The U.S. dollar stayed weak against most of its peers during much of the trading session on Friday, after President Donald Trump’s plan of re-opening the country in a phased manner resulted in improved risk appetite and dimmed the currency’s safe-haven appeal a bit.
Trump’s 18-pad plan for “Opening Up America Again” outlined three “phases” in which governors could begin reopening various businesses and venues on their own timelines.
Trump said on Thursday that some less-infected states could remove their restrictions before May 1. The guidelines say that the number of cases and positive tests in a state or region should be declining in order to reopen.
“America wants to be open and Americans want to be open,” Trump said. “A national shutdown is not a sustainable long-term solution.”
The dollar index, which dropped to 98.62 in morning trades, later edged up to 99.75, but was still trailing previous close by about 0.27%.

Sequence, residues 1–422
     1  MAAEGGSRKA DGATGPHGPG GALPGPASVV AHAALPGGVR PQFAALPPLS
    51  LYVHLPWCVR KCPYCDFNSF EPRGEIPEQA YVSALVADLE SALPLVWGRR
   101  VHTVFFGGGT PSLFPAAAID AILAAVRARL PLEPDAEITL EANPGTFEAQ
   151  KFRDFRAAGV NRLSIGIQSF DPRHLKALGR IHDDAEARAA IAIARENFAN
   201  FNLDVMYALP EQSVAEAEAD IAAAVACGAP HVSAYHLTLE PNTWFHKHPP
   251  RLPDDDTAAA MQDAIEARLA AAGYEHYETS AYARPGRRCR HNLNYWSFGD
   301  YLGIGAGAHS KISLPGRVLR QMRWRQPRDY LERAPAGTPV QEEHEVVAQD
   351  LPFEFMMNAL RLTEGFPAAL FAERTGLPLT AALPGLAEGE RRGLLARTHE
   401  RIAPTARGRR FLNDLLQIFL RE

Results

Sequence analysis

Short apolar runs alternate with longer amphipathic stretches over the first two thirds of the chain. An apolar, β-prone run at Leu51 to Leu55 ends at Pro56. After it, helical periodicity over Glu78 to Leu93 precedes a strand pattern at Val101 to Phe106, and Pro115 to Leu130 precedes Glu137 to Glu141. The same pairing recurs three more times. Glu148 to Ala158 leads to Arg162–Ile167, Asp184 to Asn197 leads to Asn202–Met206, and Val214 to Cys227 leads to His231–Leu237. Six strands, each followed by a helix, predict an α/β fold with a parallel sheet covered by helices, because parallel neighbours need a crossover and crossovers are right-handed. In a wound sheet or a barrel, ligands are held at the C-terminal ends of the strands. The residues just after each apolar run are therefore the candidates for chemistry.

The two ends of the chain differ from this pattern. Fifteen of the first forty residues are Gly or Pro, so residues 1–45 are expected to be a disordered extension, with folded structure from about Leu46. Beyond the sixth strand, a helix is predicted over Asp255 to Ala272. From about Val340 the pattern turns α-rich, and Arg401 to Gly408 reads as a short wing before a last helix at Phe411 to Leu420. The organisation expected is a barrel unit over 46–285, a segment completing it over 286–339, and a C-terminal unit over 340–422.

Against the Euro, the dollar weakened to $1.0876 from $1.0839.
Against Pound Sterling, the greenback dropped to $1.2522, before regaining some lost ground. Still, at $1.2503, is was notably lower from Thursday’s $1.2458.
The safe-haven yen firmed up to 107.57 a dollar, advancing from 107.92 on Thursday.
The Aussie was gaining notably at 0.6364 a dollar, while the loonie was up nearly 0.5% at C$1.4015 a dollar. The Swiss franc was up as well, firming up to 0.9672, gaining about 0.32% from previous close.
A report released by the Conference Board on Friday showed its index of leading U.S. economic indicators registered the largest decline in its 60-year history in the month of March.
The Conference Board said its leading economic index plunged by 6.7% in March after dipping by a revised 0.2% in February.
Economists had expected the index to plummet by 7% compared to the 0.1% uptick originally reported for the previous month.
The material has been provided by InstaForex Company – www.instaforex.com